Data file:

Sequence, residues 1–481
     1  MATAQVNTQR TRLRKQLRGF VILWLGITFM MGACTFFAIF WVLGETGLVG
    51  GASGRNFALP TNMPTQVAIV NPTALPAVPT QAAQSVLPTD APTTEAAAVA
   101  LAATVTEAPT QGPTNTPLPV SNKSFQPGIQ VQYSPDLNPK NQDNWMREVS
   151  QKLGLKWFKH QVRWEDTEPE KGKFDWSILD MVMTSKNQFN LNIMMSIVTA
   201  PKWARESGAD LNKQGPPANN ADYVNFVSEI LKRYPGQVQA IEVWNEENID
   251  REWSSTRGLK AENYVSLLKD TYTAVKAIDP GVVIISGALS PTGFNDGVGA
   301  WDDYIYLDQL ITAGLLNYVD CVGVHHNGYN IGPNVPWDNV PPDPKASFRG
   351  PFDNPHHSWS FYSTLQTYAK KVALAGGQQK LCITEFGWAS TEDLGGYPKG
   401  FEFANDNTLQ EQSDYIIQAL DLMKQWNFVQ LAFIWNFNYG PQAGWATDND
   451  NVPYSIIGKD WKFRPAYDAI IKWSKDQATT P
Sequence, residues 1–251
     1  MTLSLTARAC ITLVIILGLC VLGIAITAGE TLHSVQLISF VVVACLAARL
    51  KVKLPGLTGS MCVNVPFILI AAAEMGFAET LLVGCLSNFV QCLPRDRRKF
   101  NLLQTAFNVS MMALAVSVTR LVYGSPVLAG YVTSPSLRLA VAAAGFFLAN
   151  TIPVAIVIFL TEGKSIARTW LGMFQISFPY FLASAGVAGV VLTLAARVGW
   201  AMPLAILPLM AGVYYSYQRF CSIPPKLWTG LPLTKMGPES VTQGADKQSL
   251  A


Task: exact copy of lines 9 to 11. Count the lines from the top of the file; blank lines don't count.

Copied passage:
   351  PFDNPHHSWS FYSTLQTYAK KVALAGGQQK LCITEFGWAS TEDLGGYPKG
   401  FEFANDNTLQ EQSDYIIQAL DLMKQWNFVQ LAFIWNFNYG PQAGWATDND
   451  NVPYSIIGKD WKFRPAYDAI IKWSKDQATT P